Definition.A small aquatic bird allied to the plover, Ægialites (Oxyechus) vociferous, which takes the name from its cry. It is of a light-brown color above, the feathers being tipped with a brownish red, and has a black ring round the neck. It is found both in North and South America. — Webster, 1882
All day the curlews and killdeers and sandpipers chirped and sang in the creek bottoms. – Little House on the Prairie, Chapter 25, “Soldiers”
The killdeer or kill-deer (Charadrius vociferus) is a medium sized plover, one of the most widely seen shorebirds in North America, although they are also found far from the shore – even on the Kansas prairie. The bird has a brown back and black bands across its white breast. These birds often nest close to where there are people, so they have developed what is called a “distraction display” to lure predators away from the nest. They chatter loudly and hop about as if they have a broken wing, but they take off if the predator gets too close. The name “killdeer” comes from the sound the bird makes.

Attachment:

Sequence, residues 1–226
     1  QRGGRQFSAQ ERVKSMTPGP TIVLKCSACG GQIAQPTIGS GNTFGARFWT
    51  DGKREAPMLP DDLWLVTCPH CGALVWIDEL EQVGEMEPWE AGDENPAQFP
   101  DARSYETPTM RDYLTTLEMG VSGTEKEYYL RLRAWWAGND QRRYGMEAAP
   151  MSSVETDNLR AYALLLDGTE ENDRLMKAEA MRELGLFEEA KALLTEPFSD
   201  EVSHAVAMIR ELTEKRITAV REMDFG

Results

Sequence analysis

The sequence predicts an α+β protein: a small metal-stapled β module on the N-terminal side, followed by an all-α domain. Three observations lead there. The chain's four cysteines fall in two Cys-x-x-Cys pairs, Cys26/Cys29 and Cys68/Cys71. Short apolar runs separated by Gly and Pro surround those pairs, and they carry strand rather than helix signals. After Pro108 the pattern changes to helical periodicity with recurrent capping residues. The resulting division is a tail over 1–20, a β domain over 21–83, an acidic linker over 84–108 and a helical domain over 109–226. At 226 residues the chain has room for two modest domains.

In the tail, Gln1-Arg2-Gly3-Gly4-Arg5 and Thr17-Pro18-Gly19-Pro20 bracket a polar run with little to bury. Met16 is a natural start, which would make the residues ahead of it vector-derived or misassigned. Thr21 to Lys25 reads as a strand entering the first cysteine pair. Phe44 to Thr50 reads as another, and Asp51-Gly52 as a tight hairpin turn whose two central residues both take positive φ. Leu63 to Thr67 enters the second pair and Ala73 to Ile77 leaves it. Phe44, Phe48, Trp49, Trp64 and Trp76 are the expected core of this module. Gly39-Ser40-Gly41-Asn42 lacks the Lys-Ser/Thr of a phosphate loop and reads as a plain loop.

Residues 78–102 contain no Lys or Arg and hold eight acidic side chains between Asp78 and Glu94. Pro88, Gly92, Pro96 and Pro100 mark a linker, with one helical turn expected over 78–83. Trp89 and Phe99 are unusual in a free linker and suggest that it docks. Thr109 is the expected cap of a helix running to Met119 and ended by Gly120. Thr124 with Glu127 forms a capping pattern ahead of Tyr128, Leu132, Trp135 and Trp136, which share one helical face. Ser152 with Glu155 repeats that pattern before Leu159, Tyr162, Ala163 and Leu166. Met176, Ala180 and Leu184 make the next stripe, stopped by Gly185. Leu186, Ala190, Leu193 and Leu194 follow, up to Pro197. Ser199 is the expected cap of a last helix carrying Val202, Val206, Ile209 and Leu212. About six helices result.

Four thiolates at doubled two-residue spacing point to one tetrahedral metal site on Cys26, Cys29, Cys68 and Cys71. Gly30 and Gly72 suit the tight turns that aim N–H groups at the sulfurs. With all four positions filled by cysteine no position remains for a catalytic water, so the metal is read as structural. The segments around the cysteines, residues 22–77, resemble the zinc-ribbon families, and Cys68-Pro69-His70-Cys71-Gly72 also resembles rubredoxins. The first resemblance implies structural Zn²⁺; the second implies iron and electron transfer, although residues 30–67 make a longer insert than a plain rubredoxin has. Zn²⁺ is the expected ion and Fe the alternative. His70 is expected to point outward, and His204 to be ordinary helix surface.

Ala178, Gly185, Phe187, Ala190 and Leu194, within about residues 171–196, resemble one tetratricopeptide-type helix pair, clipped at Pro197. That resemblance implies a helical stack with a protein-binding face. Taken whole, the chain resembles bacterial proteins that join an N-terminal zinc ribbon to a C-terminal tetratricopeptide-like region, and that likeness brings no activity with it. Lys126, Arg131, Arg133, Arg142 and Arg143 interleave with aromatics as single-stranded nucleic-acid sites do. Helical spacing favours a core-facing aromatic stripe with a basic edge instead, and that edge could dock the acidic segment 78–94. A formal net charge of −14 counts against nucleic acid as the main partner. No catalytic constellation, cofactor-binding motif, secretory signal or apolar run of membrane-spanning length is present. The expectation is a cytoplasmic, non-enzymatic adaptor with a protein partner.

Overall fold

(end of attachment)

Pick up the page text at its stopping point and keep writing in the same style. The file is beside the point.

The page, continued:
The killdeer was one of the birds the Ingallses heard chirping and singing in the creek bottoms in Indian Territory (see Little House on the Prairie, Chapter 25, “Soldiers”), along with meadow larks, curlews, sandpipers, and mockingbirds.
killdeer (LHP 25)